Commonwealth Bank chief executive Matt Comyn has poached Telstra’s highly regarded tech-savvy lawyer in chief Carmel Mulhern to help spearhead and oversee an overhaul of the bank’s tech-heavy governance checks and balances.
Mulhern, who has been at Telstra for 19 years and seen the best and the worst of leadership teams and stakeholder ministers, will sign on as the CBA’s group executive Group General Counsel and Governance.
The appointment reflects a shift in focus from the CBA’s board and its chief Matt Comyn that governance and oversight of the bank’s culture and associated reporting systems that keep an eye on the vast tech estate need to be as technically and operationally strong as they are legally and financially.
Aside from the obvious post-Royal Commission renewal, the move reflects efforts to put in place safeguards and human acumen to prevent a repetition of the AUSTRAC suspicious transaction reporting disaster that cost the CBA $700 million.
While the technical failings behind the CBA’s intelligent deposit machine (IDM) were relatively straight forward – AML-CTF monitoring on its ATM network failed to ping the financial intelligence agency – the question the bank has been grappling with is where to find the right blend of tech and legal nous.
A major issue for major corporates is while they would dearly love to hire more tech savvy and seriously IT literate lawyers, they have to compete with major law firms and the big four consulting firms that can offer greater variety of case and project work.
Mulhern would have hired and fired plenty of them too in her time at Telstra.
With nearly two decades chalked-up, she would have seen all three tranches of Telstra privatisation, structural separation, the creation of the NBN and the at times comical war between former CEO Sol Trujillo and the government.
While the Commonwealth Bank has lost plenty of bark over the last couple of years, the tempo of conflict and crisis compared to that of Telstra is comparatively civilised, especially given the bank’s technology edge over its peers.
In terms of corporate cultures, Telstra as a relatively recently privatised entity has retained a more progressive and industrialised overall corporate culture compared to commercial and retail banks, which have recently copped a regulatory flogging over their pursuit of profit over the welfare of people.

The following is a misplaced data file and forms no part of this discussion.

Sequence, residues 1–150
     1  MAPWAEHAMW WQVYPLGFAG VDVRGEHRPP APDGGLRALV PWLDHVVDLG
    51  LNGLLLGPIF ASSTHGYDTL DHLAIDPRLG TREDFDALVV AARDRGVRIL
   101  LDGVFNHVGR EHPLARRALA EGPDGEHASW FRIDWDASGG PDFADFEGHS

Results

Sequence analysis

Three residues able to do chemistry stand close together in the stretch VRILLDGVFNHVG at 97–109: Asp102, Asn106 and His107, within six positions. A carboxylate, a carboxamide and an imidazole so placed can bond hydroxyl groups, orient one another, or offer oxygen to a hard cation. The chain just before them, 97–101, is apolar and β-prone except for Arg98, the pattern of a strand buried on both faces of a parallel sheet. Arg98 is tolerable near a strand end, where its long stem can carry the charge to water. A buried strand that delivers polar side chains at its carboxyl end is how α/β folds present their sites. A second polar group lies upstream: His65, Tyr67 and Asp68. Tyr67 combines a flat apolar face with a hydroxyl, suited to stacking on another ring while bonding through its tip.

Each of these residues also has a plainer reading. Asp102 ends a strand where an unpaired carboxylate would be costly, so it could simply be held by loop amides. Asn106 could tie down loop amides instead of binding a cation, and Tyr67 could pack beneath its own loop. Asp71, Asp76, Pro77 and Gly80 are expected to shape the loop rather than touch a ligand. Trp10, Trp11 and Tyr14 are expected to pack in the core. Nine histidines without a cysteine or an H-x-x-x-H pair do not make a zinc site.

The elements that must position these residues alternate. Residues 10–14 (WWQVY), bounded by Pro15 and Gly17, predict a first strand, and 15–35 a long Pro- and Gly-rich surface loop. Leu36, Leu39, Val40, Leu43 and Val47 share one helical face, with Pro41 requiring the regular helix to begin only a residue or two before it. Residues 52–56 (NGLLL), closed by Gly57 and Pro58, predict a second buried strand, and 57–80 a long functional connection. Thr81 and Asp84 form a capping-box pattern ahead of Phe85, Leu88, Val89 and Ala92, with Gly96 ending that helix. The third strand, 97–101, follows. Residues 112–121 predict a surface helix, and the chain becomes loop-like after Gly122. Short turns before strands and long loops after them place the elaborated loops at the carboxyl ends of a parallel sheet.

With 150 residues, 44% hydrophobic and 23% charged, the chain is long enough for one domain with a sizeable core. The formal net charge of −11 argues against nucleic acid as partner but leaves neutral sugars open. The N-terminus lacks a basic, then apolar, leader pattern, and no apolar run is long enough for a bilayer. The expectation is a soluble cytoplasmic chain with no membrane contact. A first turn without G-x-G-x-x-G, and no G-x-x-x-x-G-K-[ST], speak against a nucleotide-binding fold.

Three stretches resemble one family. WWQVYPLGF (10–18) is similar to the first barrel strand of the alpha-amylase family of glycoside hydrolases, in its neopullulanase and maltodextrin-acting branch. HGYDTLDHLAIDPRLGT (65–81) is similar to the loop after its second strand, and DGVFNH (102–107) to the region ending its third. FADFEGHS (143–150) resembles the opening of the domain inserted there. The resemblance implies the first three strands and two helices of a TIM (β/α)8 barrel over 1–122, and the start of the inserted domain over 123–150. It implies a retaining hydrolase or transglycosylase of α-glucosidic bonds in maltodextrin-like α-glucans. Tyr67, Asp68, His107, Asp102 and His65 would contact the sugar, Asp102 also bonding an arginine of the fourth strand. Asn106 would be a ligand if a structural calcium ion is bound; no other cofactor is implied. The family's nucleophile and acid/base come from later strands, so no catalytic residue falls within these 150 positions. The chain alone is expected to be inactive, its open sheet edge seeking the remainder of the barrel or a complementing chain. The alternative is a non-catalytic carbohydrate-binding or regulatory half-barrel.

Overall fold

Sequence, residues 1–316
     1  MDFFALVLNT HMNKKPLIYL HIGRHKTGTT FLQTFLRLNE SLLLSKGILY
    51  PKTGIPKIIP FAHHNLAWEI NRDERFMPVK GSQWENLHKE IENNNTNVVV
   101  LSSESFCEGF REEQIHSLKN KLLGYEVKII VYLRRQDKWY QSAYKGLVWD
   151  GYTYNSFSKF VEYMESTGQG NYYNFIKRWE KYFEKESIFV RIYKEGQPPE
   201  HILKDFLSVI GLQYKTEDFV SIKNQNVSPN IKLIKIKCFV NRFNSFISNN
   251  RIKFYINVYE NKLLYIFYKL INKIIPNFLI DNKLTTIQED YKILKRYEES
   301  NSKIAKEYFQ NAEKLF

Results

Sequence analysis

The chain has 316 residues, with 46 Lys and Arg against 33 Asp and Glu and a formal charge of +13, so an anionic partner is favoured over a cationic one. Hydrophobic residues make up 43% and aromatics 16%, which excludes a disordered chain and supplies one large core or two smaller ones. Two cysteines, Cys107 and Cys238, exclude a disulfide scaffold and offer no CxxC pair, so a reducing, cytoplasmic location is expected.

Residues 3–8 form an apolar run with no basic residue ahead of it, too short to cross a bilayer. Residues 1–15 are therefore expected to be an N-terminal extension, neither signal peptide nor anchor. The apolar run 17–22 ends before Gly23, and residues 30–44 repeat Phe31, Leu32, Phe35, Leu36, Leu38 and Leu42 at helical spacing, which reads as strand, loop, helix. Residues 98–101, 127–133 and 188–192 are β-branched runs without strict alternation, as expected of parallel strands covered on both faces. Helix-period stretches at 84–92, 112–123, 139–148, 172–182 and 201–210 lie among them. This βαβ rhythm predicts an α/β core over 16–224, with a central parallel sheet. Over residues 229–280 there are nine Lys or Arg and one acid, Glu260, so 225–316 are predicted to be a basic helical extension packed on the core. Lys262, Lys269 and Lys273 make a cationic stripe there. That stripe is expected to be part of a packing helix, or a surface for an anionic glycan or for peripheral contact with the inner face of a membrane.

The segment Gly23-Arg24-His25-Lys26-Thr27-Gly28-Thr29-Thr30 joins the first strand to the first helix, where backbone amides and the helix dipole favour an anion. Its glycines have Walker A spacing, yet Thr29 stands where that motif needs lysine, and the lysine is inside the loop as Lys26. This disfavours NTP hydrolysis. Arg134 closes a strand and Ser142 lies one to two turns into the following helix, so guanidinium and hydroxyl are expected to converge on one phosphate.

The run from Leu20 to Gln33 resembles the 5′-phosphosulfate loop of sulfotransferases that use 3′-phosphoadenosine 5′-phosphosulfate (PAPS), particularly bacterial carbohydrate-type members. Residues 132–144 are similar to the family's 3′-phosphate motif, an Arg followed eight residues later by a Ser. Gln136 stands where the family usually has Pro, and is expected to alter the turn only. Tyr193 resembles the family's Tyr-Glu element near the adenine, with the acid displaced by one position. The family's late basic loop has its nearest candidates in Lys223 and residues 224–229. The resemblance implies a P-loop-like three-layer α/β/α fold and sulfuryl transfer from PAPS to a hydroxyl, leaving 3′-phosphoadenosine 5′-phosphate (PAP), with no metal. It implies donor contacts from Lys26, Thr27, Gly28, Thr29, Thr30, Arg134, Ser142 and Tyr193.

Comyn again stressed that the CBA was conscious of its obligations to customers as much as shareholders in announcing the appointment.
“Carmel is a respected leader with extensive legal expertise, a proven track record in risk management, a strong focus on doing what is right for customers, and personal and professional values that are aligned with the culture we are building at the Bank,” Comyn said.
“I am delighted Carmel is joining the Executive Leadership Team.”
In lawyering terms, Mulhern’s progressive street cred is certainly up there, with stints at Queensland Legal Aid and time as an Associate of revered High Court Judge Mary Gaudron and has sat as a director of Telstra’s super fund as well as being a director of Justice Connect, a not for profit which provides pro bono legal services in NSW and Victoria.
A key focus that the CBA is known to be pushing internally is to make sure forthcoming tech enhancements, including the ability for consumers to share financial data with government agencies from the banks' systems, is on rock solid legal and ethical ground.
Part of that process is understood to focus on regaining trust by more frequent and telling disclosures, especially around data governance, even if these are unpopular with other banking peers.
There’s also a crack ops and culture rehab team being assembled at CBA, with the institution also elevating Scott Wharton who was sent from pushing through change programs in the CBA’s tech and regulatory divisions to become Comyn’s point man on implementing recommendation from the APRA Prudential Inquiry.
Wharton now gets to wear a newly minted hat as group executive, Program Delivery, which appears to be a kind of delivery augmentation flying squad to make sure reform projects don’t get stuck in silos.
An ex-supply chain wonk from New York’s Citibank, Wharton has risen quickly having arrived at CBA in 2016, just as all the real fun was starting.
Executive rotations completed, the overhaul at CBA now begins in earnest, with Comyn saying the appointments “considerably strengthen the capability and capacity of the Executive Leadership Team to provide the leadership and expertise we need to help CBA become a simpler, better bank for our customers and for all of our stakeholders.”